Take the 2-minute tour ×
Stack Overflow is a question and answer site for professional and enthusiast programmers. It's 100% free.

I have a query that groups all entries from a table and groups them by the datetime column. This is all working great:

SELECT SUM(  `value` ) AS  `sum` , DATE(`datetime`) AS  `dt``
FROM  `entry` 
WHERE entryid = 85
AND DATETIME BETWEEN  '2010-01-01' AND '2010-03-01'
ORDER BY `datetime`

The problem is, I need it to return a row even if nothing is found, with the value set to 0. I assume there's some MYSQL function that'll take care of this but can't seem to find it.


share|improve this question
Very similar to stackoverflow.com/questions/3022640/… and many others. –  Mark Byers Sep 3 '10 at 23:08
Another that is more similar: stackoverflow.com/questions/2978129/… –  Mark Byers Sep 3 '10 at 23:10
@Mark Byers: I added the "datetime-generation" tag, to highlight how common the question is... –  OMG Ponies Sep 3 '10 at 23:18

1 Answer 1

up vote 8 down vote accepted

MySQL doesn't have recursive functionality, so you're left with using the NUMBERS table trick -

  1. Create a table that only holds incrementing numbers - easy to do using an auto_increment:

    DROP TABLE IF EXISTS `example`.`numbers`;
    CREATE TABLE  `example`.`numbers` (
      `id` int(10) unsigned NOT NULL auto_increment,
       PRIMARY KEY  (`id`)
  2. Populate the table using:


    ...for as many values as you need.

  3. Use DATE_ADD to construct a list of dates, increasing the days based on the NUMBERS.id value. Replace "2010-01-01" and "2010-03-01" with your respective start and end dates (but use the same format, YYYY-MM-DD) -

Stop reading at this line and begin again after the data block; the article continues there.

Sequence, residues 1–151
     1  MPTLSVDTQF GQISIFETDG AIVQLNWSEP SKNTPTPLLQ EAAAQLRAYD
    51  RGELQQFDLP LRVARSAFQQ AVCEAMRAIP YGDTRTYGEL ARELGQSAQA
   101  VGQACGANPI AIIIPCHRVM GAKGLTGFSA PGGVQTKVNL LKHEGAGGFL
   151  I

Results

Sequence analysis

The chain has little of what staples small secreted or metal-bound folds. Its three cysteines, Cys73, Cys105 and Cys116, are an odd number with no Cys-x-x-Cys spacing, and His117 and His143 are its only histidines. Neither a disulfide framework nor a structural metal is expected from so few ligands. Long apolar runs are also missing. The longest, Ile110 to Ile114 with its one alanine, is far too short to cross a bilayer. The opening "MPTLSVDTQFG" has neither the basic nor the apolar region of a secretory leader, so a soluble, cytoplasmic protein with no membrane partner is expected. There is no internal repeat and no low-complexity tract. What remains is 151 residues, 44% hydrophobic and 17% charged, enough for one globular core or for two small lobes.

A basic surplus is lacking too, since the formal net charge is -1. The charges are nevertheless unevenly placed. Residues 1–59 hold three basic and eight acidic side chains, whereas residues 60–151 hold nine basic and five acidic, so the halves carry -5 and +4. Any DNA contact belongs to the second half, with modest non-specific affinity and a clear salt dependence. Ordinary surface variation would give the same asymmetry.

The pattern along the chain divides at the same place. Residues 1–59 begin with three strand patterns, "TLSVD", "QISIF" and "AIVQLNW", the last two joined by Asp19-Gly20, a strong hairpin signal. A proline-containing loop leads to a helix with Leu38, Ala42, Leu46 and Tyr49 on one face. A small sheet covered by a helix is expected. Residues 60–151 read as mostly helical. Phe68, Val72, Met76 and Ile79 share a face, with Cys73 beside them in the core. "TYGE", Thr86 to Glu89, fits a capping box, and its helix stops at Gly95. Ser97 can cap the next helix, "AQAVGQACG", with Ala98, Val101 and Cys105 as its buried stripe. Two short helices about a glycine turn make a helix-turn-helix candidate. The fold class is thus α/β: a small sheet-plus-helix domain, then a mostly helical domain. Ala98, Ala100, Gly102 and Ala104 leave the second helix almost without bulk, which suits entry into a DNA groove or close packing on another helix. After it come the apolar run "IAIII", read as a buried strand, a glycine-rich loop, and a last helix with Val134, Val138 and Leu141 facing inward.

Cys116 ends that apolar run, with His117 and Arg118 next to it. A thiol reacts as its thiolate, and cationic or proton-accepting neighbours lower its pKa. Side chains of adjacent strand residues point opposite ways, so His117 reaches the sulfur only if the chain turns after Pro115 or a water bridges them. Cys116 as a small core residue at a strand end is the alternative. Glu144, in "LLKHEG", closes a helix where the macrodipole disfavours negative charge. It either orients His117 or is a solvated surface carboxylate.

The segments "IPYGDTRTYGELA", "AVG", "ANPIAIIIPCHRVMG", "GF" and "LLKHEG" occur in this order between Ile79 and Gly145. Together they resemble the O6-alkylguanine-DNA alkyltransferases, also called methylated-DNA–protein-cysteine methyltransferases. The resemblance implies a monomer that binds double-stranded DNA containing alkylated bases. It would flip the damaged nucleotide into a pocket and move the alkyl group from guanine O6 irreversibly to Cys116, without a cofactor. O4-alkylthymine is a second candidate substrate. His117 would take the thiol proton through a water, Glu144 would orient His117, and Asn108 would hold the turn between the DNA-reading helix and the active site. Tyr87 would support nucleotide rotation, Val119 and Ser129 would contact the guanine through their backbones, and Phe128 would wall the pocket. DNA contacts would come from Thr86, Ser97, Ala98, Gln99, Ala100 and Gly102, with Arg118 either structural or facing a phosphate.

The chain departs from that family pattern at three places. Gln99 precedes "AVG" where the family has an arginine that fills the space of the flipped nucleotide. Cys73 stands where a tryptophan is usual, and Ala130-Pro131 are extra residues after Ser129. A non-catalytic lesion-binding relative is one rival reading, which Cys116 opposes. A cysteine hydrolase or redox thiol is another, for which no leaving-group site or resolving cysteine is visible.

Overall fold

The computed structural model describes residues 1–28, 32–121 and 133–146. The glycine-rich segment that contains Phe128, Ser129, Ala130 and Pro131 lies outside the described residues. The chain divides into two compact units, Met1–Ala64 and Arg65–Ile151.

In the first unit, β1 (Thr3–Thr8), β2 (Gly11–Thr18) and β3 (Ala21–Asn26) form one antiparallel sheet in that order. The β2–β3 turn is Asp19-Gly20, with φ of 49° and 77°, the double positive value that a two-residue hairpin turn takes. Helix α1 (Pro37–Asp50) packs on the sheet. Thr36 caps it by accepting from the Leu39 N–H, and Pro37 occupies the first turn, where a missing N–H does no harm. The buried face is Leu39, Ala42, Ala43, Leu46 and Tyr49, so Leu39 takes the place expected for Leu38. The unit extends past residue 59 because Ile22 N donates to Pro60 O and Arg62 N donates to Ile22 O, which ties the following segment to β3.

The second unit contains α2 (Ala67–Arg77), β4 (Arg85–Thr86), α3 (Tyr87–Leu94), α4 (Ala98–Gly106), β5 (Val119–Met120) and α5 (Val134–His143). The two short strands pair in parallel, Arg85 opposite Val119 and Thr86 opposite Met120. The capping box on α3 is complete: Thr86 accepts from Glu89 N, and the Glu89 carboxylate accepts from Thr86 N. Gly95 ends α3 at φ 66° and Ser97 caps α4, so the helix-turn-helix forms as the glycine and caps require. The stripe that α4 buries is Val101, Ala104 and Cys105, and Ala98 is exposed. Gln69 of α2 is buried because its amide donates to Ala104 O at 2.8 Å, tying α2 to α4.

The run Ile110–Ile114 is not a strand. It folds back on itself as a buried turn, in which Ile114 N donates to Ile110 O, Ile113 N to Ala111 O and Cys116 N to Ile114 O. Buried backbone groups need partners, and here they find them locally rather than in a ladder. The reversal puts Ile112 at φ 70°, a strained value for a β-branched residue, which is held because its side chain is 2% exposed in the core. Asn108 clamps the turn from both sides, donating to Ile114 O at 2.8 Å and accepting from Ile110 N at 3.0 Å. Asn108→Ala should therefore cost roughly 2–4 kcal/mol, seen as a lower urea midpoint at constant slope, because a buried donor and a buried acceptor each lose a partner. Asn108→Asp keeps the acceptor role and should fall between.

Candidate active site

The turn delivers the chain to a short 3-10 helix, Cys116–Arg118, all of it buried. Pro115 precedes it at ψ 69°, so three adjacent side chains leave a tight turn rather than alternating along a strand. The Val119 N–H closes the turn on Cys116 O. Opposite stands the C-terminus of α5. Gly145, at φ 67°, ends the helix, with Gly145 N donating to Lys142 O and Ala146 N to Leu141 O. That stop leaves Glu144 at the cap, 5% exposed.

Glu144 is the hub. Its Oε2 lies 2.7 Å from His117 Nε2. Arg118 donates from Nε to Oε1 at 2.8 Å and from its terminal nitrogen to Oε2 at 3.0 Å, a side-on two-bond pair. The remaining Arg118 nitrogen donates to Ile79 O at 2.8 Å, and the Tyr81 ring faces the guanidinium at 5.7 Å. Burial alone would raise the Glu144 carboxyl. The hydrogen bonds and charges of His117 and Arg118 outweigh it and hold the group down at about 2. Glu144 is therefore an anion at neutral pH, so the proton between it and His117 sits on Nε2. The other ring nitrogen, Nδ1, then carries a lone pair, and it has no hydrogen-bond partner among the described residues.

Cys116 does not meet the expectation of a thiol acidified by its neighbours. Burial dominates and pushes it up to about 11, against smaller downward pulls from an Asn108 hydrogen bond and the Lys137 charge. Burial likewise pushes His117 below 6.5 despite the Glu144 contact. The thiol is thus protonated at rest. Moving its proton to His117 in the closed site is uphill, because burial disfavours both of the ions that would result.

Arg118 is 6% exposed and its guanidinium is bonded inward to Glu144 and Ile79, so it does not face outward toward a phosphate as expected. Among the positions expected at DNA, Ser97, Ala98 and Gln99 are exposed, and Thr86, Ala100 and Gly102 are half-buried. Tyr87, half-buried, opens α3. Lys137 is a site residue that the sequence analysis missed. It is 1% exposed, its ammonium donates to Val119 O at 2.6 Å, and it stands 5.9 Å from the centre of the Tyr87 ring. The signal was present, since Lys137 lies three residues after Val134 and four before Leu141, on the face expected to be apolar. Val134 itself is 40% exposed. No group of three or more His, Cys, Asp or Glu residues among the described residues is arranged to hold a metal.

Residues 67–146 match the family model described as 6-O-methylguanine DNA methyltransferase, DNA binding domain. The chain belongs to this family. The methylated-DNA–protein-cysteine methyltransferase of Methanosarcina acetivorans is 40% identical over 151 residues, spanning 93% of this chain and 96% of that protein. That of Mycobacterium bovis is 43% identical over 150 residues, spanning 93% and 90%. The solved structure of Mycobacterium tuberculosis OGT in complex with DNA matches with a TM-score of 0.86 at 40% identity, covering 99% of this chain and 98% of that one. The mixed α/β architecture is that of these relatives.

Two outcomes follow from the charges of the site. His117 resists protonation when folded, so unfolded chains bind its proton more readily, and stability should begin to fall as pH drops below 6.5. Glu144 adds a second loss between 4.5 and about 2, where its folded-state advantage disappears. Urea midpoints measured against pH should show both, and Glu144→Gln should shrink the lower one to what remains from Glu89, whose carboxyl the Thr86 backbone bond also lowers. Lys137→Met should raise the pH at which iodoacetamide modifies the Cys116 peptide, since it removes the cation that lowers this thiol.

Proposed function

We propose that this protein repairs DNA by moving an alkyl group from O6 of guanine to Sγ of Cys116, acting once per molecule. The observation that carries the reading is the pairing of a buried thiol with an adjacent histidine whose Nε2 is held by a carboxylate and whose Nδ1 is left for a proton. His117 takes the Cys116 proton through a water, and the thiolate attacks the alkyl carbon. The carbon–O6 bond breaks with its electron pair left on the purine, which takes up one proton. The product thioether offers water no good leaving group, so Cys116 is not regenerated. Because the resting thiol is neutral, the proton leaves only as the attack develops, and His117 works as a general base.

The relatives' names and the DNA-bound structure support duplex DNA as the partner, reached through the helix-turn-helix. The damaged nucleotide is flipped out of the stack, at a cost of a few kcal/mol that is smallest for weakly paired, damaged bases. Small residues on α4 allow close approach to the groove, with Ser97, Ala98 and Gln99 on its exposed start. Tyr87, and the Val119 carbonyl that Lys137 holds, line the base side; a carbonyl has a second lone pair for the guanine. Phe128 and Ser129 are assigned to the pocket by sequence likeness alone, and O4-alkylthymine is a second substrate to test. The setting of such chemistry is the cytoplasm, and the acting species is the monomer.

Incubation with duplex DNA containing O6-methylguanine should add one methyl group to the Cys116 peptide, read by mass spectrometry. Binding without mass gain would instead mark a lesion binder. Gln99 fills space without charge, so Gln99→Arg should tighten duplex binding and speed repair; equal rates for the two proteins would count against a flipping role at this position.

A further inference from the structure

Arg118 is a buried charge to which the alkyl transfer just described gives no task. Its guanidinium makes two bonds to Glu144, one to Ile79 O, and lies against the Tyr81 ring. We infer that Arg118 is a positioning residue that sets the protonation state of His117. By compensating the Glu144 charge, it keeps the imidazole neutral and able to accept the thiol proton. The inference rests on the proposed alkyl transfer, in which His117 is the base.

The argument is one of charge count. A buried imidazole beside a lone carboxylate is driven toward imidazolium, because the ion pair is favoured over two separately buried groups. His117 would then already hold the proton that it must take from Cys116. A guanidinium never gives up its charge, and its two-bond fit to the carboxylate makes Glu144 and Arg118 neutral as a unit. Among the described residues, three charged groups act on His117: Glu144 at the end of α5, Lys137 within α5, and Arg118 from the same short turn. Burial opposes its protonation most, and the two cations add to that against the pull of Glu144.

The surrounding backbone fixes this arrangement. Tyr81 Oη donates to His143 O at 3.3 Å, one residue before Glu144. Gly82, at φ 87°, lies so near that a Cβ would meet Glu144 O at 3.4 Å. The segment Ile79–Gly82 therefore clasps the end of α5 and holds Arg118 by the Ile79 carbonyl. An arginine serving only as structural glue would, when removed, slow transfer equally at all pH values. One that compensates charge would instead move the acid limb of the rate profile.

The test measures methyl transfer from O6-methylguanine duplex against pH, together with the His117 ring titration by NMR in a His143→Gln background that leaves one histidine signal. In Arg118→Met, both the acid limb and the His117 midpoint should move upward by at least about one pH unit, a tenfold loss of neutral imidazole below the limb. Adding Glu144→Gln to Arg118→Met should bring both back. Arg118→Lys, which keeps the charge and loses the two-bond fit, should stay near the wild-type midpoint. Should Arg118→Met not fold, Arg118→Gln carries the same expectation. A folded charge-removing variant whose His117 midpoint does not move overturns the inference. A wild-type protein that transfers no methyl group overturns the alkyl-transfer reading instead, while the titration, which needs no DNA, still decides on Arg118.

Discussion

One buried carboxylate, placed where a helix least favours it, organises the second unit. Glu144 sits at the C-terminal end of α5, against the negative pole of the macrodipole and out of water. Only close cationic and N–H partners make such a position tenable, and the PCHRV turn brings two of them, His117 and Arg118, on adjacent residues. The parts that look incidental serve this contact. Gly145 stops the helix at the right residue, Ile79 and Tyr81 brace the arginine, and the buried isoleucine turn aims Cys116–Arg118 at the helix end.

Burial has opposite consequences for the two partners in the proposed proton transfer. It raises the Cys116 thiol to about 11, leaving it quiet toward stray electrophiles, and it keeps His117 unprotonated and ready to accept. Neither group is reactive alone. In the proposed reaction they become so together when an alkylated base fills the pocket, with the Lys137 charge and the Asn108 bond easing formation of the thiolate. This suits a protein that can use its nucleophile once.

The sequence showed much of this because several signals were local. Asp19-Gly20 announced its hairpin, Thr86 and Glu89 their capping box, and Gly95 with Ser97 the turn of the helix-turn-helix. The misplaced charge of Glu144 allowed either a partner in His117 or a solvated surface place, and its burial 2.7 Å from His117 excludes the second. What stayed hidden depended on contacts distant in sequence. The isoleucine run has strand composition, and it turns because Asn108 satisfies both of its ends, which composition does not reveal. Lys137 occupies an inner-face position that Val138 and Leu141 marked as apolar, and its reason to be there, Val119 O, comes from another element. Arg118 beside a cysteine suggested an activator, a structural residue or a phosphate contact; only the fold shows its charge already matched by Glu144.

SELECT x.*
      FROM (SELECT DATE_ADD('2010-01-01', INTERVAL n.id - 1 DAY)
              FROM numbers n
             WHERE DATE_ADD('2010-01-01', INTERVAL n.id -1 DAY) <= '2010-03-01' ) x
  4. LEFT JOIN onto your table of data based on the datetime portion:

       SELECT DATE(x.dt) AS dt,
              COALESCE(SUM(e.value), 0) AS sum_value
         FROM (SELECT DATE_ADD('2010-01-01', INTERVAL n.id - 1 DAY) AS dt
                 FROM numbers n
                WHERE DATE_ADD('2010-01-01', INTERVAL n.id -1 DAY) <= '2010-03-01' ) x
    LEFT JOIN ENTRY e ON DATE(e.datetime) = x.dt
                     AND e.entryid = 85
     GROUP BY DATE(x.dt) 

Why Numbers, not Dates?

Simple - dates can be generated based on the number, like in the example I provided. It also means using a single table, vs say one per data type.

share|improve this answer

Your Answer


By posting your answer, you agree to the privacy policy and terms of service.

Not the answer you're looking for? Browse other questions tagged or ask your own question.